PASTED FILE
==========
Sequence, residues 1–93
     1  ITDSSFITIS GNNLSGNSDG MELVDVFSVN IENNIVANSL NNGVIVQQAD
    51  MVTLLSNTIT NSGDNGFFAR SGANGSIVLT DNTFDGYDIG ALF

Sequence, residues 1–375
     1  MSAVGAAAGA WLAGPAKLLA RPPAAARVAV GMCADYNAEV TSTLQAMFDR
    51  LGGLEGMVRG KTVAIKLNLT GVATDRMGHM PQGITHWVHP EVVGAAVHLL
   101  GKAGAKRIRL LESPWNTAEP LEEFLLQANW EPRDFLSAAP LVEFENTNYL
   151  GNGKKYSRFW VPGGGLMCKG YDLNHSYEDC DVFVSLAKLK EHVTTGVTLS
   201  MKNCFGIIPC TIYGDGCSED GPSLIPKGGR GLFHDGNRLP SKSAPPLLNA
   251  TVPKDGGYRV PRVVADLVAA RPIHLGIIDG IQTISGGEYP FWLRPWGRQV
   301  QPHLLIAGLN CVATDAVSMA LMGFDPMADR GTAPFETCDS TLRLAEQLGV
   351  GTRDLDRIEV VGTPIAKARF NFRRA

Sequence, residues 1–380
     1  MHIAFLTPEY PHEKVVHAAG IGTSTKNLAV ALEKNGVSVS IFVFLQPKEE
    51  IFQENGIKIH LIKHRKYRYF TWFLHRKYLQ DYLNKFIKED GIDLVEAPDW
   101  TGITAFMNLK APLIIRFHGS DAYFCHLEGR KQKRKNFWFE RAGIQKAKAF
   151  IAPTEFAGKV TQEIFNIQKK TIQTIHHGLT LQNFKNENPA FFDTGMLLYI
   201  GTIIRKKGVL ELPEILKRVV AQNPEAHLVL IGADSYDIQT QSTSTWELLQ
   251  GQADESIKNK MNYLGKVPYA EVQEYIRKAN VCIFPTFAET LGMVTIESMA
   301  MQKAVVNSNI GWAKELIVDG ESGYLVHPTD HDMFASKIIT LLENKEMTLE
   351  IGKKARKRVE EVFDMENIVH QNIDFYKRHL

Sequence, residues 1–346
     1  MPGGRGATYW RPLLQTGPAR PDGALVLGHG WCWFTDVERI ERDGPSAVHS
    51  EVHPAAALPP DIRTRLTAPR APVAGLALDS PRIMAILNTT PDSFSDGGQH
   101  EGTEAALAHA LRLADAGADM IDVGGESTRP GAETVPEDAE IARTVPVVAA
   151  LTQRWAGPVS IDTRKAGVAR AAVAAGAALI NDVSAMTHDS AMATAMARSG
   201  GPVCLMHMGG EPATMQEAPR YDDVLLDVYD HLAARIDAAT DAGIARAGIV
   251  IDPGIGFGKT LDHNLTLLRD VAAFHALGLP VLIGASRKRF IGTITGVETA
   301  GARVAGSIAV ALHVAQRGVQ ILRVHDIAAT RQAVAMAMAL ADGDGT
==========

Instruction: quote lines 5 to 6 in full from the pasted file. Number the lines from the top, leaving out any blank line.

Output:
     1  MSAVGAAAGA WLAGPAKLLA RPPAAARVAV GMCADYNAEV TSTLQAMFDR
    51  LGGLEGMVRG KTVAIKLNLT GVATDRMGHM PQGITHWVHP EVVGAAVHLL